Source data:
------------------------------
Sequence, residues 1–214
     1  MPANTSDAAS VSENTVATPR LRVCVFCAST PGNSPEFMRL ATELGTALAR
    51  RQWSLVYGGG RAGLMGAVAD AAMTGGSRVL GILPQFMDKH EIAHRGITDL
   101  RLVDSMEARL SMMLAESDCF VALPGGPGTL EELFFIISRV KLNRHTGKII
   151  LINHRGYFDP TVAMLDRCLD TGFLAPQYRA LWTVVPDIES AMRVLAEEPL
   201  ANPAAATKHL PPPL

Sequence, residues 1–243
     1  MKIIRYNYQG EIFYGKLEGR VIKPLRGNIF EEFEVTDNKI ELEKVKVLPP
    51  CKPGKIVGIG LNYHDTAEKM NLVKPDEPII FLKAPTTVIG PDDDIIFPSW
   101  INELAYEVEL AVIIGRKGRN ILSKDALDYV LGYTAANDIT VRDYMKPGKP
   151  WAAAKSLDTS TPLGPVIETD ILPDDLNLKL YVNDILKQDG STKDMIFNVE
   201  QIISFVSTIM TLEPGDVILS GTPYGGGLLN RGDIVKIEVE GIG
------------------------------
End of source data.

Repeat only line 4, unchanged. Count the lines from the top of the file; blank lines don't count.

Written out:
   101  RLVDSMEARL SMMLAESDCF VALPGGPGTL EELFFIISRV KLNRHTGKII